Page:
From the moment I first set foot in San Francisco, "the" restaurant I wanted to visit was Boulevard. Even when I was offered an extravagant all-expenses-paid birthday supper at Gary Danko, my unrequited lust and dedication never wavered from Boulevard.
Because my San Francisco friends are discerning individuals and because I tend to indiscreetly drop inappropriate hints, my friends brought me a farewell lunch-to-remember-for-ages at Boulevard.
After arriving at the famed restaurant, I recall my hands trembling and sweating profusely when I was seated. I remember drawing in a sharp breath and sitting upright in eager anticipation when I opened the menu. (If you are a food blogger, you will understand that dining at certain restaurants may be more nerve-racking then going on a first date.) "Will the food be up to your standards or offensive? Will it have bad breath? Err. . . I mean, will it emit noxious odors, or a stomach-growl-inducing aroma?"
In date-speak, let us just say I got lucky that afternoon.
For my main course, I ordered the oven-roasted pork tenderloin. According to the menu, the pork tenderloin came with (1) a "melted mountain of gorgonzola butter," (2) soft polenta with pine nuts, (3) grilled mission figs cooked in a fig vincotto, and (4) a frisee and curly cress salad. When the dish arrived onto our table, I delayed for a moment before realizing that the "melted mountain of gorgonzola butter," was actually a puddle of dark au jus careening across the plate. I disappointedly thought, "substantial puddle of gorgonzola butter would have been a more apt description."
Nevertheless, with one bite, the beast within me was appeased. The figs were tender, voluptuous, and enlivened by the fig vincotto liqueur. While there was no mountain of butter discernable with my naked eye, there was a copious mound of polenta present at my disposal. Every forkful of the pillowy and pudding-like polenta contained the muted whisper of gorgonzola and a pleasant crunch from the toasted pine nuts. Finally, the unblemished pork tenderloin was succulent and flavorful.
My companions dined on pan-roasted local petrale sole with summer beans and king trumpet mushrooms sautéed in beurre noisette, and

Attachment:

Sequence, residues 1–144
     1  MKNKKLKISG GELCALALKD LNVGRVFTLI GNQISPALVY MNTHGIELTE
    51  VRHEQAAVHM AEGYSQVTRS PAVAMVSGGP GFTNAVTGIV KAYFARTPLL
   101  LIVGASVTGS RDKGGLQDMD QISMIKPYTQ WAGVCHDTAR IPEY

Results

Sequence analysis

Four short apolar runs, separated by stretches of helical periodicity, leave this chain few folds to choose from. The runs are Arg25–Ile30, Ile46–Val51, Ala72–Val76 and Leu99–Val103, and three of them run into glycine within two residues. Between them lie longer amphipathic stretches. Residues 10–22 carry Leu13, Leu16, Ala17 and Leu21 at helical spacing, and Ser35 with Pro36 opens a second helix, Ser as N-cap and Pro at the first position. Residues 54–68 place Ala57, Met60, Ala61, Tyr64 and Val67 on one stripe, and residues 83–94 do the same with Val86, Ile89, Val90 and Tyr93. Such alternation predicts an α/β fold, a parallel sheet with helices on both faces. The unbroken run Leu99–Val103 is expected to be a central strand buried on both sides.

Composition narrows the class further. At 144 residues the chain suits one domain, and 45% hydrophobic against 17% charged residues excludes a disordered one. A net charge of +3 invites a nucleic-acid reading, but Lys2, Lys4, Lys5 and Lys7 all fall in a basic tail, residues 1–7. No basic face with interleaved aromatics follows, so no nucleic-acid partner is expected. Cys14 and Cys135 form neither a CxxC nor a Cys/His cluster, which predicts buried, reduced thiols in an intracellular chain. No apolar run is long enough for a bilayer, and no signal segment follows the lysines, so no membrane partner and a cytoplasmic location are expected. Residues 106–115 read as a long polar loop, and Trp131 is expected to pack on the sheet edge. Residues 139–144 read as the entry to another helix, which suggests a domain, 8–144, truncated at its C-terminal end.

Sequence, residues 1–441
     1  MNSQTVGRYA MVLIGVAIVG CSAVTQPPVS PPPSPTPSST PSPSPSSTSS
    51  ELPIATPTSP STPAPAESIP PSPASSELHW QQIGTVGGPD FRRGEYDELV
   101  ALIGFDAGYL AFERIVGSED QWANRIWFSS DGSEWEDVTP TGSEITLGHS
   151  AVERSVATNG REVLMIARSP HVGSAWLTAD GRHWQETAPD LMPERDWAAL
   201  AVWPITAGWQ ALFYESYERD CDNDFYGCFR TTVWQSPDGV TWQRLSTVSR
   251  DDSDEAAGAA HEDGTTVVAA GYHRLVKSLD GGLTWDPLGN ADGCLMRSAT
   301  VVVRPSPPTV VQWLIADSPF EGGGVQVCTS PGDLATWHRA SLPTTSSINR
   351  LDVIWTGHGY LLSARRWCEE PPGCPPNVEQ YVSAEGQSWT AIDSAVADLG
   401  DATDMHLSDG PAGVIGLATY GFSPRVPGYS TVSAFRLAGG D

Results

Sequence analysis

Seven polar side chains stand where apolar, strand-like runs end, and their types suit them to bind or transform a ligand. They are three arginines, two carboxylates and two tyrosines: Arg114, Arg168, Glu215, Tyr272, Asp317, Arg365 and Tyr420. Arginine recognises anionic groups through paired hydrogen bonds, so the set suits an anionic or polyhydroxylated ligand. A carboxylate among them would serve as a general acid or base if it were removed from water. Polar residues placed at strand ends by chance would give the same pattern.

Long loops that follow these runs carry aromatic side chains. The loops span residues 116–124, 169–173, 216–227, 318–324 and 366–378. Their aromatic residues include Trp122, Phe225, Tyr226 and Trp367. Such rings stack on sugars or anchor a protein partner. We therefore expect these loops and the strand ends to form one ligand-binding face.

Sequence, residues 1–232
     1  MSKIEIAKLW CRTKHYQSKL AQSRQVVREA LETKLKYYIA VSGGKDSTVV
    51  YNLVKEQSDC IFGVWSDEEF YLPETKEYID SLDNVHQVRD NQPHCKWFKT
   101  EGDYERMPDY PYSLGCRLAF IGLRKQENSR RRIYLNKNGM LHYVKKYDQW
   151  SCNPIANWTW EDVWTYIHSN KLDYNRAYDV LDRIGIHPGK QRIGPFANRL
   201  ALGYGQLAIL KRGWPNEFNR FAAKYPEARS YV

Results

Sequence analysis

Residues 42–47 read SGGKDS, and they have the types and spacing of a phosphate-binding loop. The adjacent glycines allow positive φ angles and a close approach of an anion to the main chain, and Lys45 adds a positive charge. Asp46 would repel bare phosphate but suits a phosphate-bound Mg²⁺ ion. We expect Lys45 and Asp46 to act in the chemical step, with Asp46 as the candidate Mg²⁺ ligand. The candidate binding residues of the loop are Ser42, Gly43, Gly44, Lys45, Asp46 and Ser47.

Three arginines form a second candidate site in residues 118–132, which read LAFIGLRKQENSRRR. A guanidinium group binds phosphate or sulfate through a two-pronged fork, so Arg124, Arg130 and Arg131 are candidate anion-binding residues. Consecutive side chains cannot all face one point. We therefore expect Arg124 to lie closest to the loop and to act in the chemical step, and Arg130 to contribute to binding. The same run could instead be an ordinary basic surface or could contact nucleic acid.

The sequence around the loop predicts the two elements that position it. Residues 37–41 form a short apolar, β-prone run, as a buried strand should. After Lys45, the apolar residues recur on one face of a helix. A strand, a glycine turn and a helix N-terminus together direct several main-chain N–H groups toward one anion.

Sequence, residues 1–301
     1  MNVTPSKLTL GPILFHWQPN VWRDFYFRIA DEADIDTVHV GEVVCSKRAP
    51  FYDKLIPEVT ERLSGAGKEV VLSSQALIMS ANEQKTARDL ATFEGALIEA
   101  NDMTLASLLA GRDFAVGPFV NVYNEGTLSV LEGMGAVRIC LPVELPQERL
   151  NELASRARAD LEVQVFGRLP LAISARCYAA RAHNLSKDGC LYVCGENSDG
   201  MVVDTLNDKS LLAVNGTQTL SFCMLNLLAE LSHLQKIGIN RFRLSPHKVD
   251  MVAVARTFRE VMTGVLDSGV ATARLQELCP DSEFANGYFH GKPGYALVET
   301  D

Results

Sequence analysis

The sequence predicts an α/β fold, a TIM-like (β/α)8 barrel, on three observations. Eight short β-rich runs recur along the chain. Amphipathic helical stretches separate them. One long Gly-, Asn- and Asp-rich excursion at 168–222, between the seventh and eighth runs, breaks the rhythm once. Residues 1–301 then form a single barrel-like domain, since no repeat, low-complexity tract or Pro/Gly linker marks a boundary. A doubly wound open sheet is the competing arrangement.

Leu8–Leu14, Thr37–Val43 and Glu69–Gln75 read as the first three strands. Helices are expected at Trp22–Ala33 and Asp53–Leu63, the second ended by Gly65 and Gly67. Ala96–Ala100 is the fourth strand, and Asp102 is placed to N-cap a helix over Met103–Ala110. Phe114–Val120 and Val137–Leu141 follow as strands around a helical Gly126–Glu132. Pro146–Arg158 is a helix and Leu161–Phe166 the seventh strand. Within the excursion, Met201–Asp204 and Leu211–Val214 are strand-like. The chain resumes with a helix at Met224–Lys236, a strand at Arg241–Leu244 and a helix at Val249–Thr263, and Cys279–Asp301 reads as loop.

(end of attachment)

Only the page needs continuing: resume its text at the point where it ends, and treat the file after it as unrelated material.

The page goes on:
Wood oven roasted Creekstone farms angus bavette bathed in beef au jus with baked fingerling potatoes blanketed in creme fraiche, smoked bacon, and chives, sautéed erbette chard.
To close our meal, my companions and I shared three desserts, including a warm chocolate budino cake with chocolate sauce, fresh cherries, and vanilla cherry sorbet swirl ice cream. As the budino cake at Boulevard confirmed, anytime "warm" and "chocolate cake" are used in a sentence, the result will be euphoric. The intoxicating and bold cherry flavors of the ice cream perfectly complemented dense chocolate cake.
We also divvied up a vanilla crème bruleé. As all good crème bruleés are, the vanilla crème bruleé was silken and creamy, and channeled fresh springtime flavors with the addition of the sweet blueberries and tart blackberries.
Finally, we shared a dessert of caramelized angel food cake with blossom bluff peaches, ginger marscapone cream, and fresh peach sorbet. When the dessert arrived, I found myself being taken aback by the heavy scone-like appearance of the angel food cake, for I had envisioned a generic slice of the pale and airy cake drizzled with a simple syrup. Instead, Boulevard had taken classic dessert elements and concentrated peach flavors and repackaged them into a dessert you would expect to see in the pages of a Martha Stewart magazine. Although I enjoyed the peach biscuit, the artificial peach flavors reminded me a little too much of gummy Haribo peach rings that I consumed as a child.
As I finished my meal, and wiped my mouth, I looked down at my once-trembling hands. My hands were no longer shaking on the table. Instead, they were busy unzipping my tight pants so that my stomach could make room for more.